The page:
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Thursday, 30 March 2017 12:38

Enter the Dragon

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News bulletin #384
March 30, 2017

Bottle Pour Saturday - Dragon Edition

 
Way back in Issue 383 of this email we talked about the latest releases of the two beers under the There Be Dragons label – Chasing Harvest Ale and Royal Blood. This Saturday we’re offering customers a chance to get them both by the glass.

Chasing Harvest is a single batch of pinot barrel-aged red ale (with some pinot noir juice) while Royal Blood is a blend across a couple of vintages.

The volumes of these annual releases are incredibly low so there will never be a better opportunity to get to know them. 

New Release Tuesday - Even Older Fritze


Next week’s new release is a rarity from Tiamana. It’s a keg of Annika’s barrel-aged doppelbock known as Even Older Fritz. This particular keg has spent 15 months in a Dogpoint “Section 94” Sauvignon Blanc barrel. We’re promised big caramel, white wine, oak, leather and bourbon notes.



On Tap Now

  • Kereru Big Pigeon Pilsner
  • Oskar Blues Blood Orange Spesh-Ale
  • Craftwork/Wild & Woolly Coeur de Cerise
  • North End E.S.B (handpump)
  • Adroit Theory Legion
  • Hashigo Zake Staffie Series Moalland
  • Te Aro Oatmeal Stout (handpump)
  • Te Aro Brewing Obligatory Pale Ale
  • Mata Rock n Red Ale
  • Wild & Woolly Tall Tosser

Highlights

It’s nearly three years since a meeting at the 2014 World Beer Cup led to a shipment to New Zealand from the up-and-coming Virginia brewery called Adroit Theory. The highlight of that shipment was a collaboration between local brewer Graeme Mahy and Adroit Theory called Legion. It was a big strong stout, fermented with a Belgian yeast and spiced with Horopito.

One of the last kegs anywhere of this beer is on tap right now and it has aged absolutely beautifully.

Meanwhile in a first for us, Te Aro Oatmeal Stout is on handpump!

Hopstock Planning


Plans are progressing nicely for this year’s Hopstock, which is on just the other side of Easter, in about three weeks. Tickets for organised tours of outlets will be going on sale soon.

Perhaps this is a good time to briefly ponder what makes Hopstock special.

Hopstock is a celebration of new beers that have been made with some portion of unprocessed, fresh-off-the-bine hops.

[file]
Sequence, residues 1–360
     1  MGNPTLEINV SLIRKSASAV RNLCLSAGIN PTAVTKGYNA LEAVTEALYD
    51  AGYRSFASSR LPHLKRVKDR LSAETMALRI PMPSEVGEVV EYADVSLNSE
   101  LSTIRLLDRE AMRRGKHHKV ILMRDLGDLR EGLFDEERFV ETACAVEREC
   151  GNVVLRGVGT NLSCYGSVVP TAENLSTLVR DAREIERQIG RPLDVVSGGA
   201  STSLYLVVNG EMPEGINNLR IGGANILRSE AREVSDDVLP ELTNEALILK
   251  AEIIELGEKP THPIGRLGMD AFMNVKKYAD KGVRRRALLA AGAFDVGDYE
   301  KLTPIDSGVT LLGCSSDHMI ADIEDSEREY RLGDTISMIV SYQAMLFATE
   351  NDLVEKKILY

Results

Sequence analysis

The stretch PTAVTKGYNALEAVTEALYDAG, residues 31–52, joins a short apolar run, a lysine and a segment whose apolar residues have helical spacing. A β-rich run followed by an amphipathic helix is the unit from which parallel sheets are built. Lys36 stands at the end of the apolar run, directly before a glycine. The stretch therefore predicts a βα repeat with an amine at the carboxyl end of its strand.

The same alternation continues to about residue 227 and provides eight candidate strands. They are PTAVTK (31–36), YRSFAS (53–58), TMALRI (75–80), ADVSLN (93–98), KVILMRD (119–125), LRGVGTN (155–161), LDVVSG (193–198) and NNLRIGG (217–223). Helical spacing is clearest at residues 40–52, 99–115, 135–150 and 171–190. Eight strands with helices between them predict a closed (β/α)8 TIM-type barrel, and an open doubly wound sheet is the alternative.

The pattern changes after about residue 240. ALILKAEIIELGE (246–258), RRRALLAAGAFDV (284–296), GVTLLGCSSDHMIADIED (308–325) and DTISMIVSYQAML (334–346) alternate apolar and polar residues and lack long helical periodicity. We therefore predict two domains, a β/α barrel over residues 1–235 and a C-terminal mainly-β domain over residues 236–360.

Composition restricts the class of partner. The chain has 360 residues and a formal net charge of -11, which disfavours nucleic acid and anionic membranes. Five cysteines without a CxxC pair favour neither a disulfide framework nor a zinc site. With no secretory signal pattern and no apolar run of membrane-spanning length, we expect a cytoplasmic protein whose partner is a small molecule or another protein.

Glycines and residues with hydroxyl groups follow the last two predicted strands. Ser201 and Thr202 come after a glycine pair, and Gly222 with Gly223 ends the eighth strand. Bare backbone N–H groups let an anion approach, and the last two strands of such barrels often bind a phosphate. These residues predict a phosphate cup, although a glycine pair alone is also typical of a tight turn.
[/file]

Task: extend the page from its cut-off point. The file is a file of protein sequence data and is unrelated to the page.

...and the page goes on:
The challenge to brewers of using wet hops is deceptively difficult. Since hops are beer’s chief seasoning, the prospect of using fresh ones sounds exciting. The reality is that brewers get one shot a year at using an ingredient that comes without the customary technical information, that must be used at 5-10 times the usual volume for the same effect and that is decaying in front of their eyes. What’s more the actual benefits of using wet hops aren’t all that well understood. Because while the characteristics of individual hop varieties are well documented, it’s hard to find anyone who’ll stick their neck out and describe the effects of wet hops on a beer. The closest thing to a consensus is that wet hops make a beer more “green” and “oily”.

This uncertainty about what the beers will be like has clearly not dampened the enthusiasm of consumers, as Hopstock keeps growing in popularity.

One of the attractions of Hopstock may be its appeal to Wellington’s older beer lovers, who remember the custom from around 15 years ago of the festival previously known as BrewNZ, when breweries from outside Wellington (and breweries invariably were from outside Wellington) teamed with bars that became their “headquarters”. The opportunity to taxi from bar to bar trying beers that otherwise never made it to Wellington really was novel and exciting.

And yet some of those bars acting as brewery headquarters were unlikely venues for a high-brow pub crawl. Quite a few were kind of corporate or at least not what you’d call strongholds of small brewing and those of us turning up asking for unusual beers didn’t really feel at home. Truth be told, many of them were probably only involved because they were encouraged to by the Beer, Wine and Spirits Council.

Now in 2017’s Hopstock there will be 22 beers at 22 bars. (2013’s inaugural Hopstock consisted of eight beers at twelve bars.) And therein lies what might be the real beauty of Hopstock. Because in 2017 these venues need no arm-twisting to put on unpredictable beers by small, independent brewers. These are venues that would happily serve beer from their Hopstock brewer any other week of the year. So arguably Hopstock is as much a celebration of Wellington’s rapidly maturing circuit of quality beer bars.

And speaking of Wellington's beer outlets, this week we welcomed two initiates to the very special club of venues that have been well and truly baptised by firefighters. We wish them a satisfactory investigation into the fires’ causes and a comprehensive insurance payout.

New in the Fridge!

 

The first release by local lads Graphic Brewing has been on tap quite a few times. We can now add that Hashigo Zake is the first (and so far only) Wellington bar stocking Origin Story in its magnificent canned form.

They might have appeared sooner but there was a delay receiving the semi-transparent can labels that give these their vibrant colour-on-aluminium look.

These beauties are a full 440ml in volume and cost $14 over the bar (or even less to take away with you).